A DEVOTED fundraiser and Blackbird Leys resident of 50 years was among the first to tell her story on camera for a heritage project.

Irma James, 74, of Field Avenue, arrived on the estate on April 5, 1965,and has been fundraising for the Sailors’ Society, which aims to help the lives of seafarers, for almost three decades.

Her inspirational tale was the first of many this week to be recorded for Time to Talk: Digital Storytelling in the Leys.

The project is a series of short films documenting residents’ memories and reflections that will be exhibited in the Museum of Oxford this autumn.

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Mrs James said: “When I first came here it was magnificent. All of us mothers looked after each other’s children. We came and went to school together.”

Arriving at Blackbird Leys Community Centre in nautical garb and with her fundraising gear, she told an assembled crew about her 27 years’ fundraising for the charity. To date, she has raised about £18,000.

She said: “My husband encouraged me to do it and to me it’s his legacy, the best he could have left me.

“One day I got a phone call from a gentleman about the Sailors’ Society. I asked how he got my number and wasn’t going to help, but my husband Eli said ‘if you can do it, do it’.

“So against my better judgment, and with the encouragement of my husband, I gave it a go.”

Recorded over about 45 minutes, Mrs James’s story will be reduced to a polished three minutes and laid over images of the Leys and objects special to her.

The six interviews recorded on Wednesday will be joined by the testimonies of residents including members of the Friendleys social group for elderly people. Time to Talk was the idea of Jeni Burnell, a researcher at Oxford Brookes University’s Centre for Development and Emergency Practice.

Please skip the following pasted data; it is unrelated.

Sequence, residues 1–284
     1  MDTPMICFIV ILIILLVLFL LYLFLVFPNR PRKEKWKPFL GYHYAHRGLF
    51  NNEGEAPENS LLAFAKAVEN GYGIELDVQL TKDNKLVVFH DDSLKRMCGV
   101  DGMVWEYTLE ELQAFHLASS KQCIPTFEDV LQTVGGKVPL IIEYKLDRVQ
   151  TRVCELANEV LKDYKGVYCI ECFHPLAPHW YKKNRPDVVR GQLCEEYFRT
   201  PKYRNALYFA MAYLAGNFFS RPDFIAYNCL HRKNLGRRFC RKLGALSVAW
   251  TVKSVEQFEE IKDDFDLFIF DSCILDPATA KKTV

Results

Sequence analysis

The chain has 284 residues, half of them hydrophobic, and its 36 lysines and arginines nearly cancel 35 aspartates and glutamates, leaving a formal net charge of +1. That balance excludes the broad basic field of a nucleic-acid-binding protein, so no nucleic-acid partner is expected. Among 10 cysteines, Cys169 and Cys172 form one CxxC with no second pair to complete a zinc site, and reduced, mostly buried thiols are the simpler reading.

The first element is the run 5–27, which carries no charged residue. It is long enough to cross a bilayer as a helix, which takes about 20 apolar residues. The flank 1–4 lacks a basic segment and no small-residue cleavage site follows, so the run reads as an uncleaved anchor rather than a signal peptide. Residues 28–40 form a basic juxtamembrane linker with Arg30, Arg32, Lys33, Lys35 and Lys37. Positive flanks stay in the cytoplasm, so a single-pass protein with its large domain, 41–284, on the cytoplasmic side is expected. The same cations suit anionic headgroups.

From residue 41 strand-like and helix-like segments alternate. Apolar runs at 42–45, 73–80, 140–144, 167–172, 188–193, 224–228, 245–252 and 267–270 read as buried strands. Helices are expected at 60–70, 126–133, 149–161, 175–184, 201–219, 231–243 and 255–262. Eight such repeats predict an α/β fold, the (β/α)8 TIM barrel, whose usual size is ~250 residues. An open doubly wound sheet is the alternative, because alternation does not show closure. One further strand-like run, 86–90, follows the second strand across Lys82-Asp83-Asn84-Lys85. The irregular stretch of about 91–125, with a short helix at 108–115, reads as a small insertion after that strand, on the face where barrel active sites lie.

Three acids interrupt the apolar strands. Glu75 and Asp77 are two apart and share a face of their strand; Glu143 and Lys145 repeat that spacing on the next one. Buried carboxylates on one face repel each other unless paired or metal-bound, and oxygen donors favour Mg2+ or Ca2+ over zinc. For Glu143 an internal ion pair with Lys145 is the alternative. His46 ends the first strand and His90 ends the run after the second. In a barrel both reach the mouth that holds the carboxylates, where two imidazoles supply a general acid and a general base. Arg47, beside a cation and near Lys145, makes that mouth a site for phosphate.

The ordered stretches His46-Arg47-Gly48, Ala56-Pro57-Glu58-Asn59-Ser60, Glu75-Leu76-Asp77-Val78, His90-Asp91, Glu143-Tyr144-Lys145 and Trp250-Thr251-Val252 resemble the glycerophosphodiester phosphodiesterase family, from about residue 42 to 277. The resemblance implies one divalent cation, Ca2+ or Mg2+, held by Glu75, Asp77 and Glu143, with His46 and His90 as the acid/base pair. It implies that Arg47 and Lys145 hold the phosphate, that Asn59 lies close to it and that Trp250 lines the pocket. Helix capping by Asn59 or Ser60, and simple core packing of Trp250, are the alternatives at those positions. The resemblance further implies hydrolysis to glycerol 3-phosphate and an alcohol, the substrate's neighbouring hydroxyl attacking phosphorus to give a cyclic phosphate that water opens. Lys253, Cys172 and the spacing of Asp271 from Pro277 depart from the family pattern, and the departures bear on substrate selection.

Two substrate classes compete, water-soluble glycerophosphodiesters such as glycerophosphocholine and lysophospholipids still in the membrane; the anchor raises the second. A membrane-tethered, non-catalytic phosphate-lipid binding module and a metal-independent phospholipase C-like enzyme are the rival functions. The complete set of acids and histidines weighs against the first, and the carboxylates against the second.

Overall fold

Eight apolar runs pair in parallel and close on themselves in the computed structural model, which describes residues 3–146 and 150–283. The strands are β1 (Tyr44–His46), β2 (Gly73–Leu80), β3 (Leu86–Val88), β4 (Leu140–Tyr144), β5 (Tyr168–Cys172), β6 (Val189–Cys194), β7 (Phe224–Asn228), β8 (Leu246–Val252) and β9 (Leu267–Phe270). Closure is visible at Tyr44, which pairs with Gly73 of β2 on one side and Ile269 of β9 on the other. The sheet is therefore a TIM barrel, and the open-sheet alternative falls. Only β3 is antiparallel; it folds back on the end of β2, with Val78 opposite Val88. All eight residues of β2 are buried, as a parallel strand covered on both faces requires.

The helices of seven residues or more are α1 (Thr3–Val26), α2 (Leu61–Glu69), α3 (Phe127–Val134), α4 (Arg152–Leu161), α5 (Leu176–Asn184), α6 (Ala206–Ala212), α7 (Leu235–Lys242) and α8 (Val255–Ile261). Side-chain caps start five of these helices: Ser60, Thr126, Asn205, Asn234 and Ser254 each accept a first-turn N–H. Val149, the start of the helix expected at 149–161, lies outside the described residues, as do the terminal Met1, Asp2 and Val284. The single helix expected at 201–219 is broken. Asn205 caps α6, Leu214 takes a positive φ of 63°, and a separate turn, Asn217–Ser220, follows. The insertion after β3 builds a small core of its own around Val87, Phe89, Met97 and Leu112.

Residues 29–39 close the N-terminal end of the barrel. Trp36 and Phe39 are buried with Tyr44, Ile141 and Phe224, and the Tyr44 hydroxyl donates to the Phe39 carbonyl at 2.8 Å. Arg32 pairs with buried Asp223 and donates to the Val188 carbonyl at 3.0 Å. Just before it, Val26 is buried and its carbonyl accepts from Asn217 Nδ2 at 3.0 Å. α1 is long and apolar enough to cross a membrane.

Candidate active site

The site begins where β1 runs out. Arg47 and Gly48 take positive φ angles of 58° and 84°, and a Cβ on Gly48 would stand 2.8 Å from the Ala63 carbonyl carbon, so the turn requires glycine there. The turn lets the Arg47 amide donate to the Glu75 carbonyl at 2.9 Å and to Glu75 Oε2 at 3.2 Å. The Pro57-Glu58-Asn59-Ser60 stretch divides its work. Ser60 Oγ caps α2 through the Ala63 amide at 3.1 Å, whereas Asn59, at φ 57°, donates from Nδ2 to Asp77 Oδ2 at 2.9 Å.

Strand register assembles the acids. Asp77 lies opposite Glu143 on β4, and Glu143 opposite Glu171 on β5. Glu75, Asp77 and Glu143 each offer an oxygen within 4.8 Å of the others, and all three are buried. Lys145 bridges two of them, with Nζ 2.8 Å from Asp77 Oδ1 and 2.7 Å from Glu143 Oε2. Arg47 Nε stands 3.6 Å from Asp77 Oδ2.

She said: “I spoke to some men from the Friendleys group and it was really interesting to hear how they worked at the old Morris plant and moved to the Leys because of work at the factory.”

After post-production, the films will be shown at the Museum of Oxford as part of its 40 Years, 40 Objects exhibition from September 28.

They are being delivered with help from Storyworks UK, a Walesbased company working with personal storytelling for charities, health projects, heritage projects and more.

Director Lisa Heledd Jones said: “I had heard of the Leys before but I really believe that until you speak to the people in the area you just don’t know it. At the launch last week they had a spontaneous sing-song. They all knew each other and sang You’ll Never Walk Alone. I had tears in my eyes.”

Children from the Leys Community Development Initiative were also involved, learning to use cameras and audio equipment to record Friendleys members’ stories.

Ten-year-old Erin Qualter, who lives in Windrush Tower, said: “It has been really fun. All the Friendleys were really interesting.”

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